We owe one another our attention

Posing badly for photos since 1997

Today is the eight year anniversary of my dad’s death. I’m happy(?) to report: it doesn’t hurt the way it used to. The last couple years, I’ve been struck less by how much I miss him and more by how much he has missed.

I notice big things he missed, like my wedding, and smaller things, like books he would have enjoyed. Since his death, I’ve traveled on five continents, my brother and I both moved abroad (in opposite directions), and my mother retired. I also spent several years in Boston working at the Museum of Science, and my dad would have thought that was the absolute coolest job.

I wish he were here to see what I’ve done, but his death influenced so many of my choices. My life would be totally different if he were still alive. It’s this weird paradox of wishing he could see who I’ve become and knowing I would be different if he could.

If he hadn’t died, I wouldn’t be working on a memoir right now. I hesitate to say I wouldn’t be working on a book because I think I would have found my way back to writing even if he were still alive. But the book I’ve spent the last couple years working on is about him and his death and me and my travels. And feelings. (So many goddamn feelings.)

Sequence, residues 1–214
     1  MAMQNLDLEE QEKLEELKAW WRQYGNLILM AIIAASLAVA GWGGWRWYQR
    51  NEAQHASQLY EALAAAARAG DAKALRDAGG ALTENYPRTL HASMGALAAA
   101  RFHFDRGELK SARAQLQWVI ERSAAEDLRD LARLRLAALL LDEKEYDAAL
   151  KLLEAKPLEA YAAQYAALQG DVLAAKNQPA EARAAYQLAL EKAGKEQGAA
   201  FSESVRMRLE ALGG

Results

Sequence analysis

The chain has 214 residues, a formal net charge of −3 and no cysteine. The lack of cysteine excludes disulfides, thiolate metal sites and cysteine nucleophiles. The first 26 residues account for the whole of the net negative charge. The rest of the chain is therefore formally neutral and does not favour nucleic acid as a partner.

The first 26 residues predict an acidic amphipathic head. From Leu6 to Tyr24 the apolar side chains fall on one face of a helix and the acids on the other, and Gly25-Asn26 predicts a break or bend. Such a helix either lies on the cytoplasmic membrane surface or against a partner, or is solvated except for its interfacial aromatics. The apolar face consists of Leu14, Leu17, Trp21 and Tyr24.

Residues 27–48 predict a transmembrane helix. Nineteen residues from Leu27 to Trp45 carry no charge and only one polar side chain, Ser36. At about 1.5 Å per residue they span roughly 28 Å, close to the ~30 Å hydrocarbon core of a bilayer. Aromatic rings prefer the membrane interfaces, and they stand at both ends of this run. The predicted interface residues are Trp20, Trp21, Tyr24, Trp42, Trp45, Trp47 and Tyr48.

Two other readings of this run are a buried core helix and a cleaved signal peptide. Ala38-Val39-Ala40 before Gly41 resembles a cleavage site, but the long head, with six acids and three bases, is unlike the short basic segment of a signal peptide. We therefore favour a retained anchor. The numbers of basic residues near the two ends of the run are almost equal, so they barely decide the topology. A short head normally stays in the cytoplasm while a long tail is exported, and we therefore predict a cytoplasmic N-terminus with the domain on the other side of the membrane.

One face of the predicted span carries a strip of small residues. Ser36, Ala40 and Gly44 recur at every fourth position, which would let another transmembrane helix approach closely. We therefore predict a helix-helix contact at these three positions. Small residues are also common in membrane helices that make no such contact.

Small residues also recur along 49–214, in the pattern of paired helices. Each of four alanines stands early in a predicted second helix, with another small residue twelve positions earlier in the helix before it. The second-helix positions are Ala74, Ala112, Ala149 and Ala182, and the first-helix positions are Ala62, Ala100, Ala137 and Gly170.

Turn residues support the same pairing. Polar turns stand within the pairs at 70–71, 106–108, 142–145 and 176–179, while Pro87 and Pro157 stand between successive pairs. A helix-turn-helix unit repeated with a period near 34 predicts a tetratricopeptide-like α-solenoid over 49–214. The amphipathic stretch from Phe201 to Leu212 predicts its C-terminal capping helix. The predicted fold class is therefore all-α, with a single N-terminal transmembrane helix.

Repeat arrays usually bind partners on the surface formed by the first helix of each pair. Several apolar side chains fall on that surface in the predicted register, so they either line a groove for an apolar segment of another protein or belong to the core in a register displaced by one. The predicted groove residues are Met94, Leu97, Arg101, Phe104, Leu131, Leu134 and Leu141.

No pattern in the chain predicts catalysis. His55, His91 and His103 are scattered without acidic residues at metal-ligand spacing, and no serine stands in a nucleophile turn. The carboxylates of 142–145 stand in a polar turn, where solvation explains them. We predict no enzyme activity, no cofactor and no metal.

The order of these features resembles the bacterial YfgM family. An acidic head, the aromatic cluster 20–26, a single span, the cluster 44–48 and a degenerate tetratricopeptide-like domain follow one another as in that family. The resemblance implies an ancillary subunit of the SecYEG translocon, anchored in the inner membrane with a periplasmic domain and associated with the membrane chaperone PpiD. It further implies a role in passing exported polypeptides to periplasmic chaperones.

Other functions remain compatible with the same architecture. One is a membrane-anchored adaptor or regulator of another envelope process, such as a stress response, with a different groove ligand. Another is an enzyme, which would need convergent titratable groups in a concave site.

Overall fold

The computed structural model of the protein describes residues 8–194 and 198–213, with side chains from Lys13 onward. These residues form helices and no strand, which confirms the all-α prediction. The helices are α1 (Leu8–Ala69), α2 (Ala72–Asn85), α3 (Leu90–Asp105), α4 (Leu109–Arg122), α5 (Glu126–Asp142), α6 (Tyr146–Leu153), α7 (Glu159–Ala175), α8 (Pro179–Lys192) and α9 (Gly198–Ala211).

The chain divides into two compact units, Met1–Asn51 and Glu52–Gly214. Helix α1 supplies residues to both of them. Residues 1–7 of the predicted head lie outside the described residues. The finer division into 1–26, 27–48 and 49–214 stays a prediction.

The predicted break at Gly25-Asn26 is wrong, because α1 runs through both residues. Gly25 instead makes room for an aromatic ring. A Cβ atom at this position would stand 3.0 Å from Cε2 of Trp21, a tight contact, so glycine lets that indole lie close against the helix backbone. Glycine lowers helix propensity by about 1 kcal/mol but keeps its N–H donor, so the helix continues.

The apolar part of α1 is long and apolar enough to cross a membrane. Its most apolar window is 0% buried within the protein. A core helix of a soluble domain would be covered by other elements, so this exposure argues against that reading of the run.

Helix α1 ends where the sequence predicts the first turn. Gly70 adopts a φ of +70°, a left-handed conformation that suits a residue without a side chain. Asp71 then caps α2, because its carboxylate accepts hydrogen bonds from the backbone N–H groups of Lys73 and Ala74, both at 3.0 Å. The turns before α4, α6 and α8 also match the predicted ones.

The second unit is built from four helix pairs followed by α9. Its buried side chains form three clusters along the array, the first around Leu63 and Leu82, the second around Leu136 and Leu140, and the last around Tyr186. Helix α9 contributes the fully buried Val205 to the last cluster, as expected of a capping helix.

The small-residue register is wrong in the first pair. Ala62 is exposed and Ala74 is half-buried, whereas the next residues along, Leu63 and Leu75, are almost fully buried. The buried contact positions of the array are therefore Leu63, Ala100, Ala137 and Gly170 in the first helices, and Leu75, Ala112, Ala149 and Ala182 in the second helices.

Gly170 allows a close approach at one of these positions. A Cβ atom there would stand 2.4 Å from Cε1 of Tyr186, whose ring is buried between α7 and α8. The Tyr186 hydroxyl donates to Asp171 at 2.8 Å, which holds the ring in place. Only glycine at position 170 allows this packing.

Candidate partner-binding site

I’m almost done writing it. I feel like I’ve been almost done for months now. I’ll get there eventually, and I’ll let you know when I do. But, for today, I just want to share something from my current draft. I wrote it recently, and E thought it was good. And I decided it’s worth sharing because it’s what’s on my mind this anniversary.

When a loved one dies, don’t we all wish we listened more closely to their stories? We regret all the things we didn’t ask. People’s stories matter. And we owe one another our attention while we’re alive to appreciate it. To see and hear and touch and recognize each other’s humanity.

My dad has missed a lot of my story, but I also wish I’d listened more closely to his. I’ve spent so much time thinking and writing about him since he died. It makes me wish I’d given more of my attention to our relationship when he was still alive. It makes me want to give more of my attention to my friends and family who are alive.

All of this is to say, if you’re interested, leave a comment or send me an email (egholliday@gmail.com) and tell me a story about yourself. You have my undivided attention.

Emma Holliday is well-traveled. After 5 years in Boston, she and her husband upended their lives to move to Berlin where she is currently writing a (funny) book about travel and grief and attempting to learn German.


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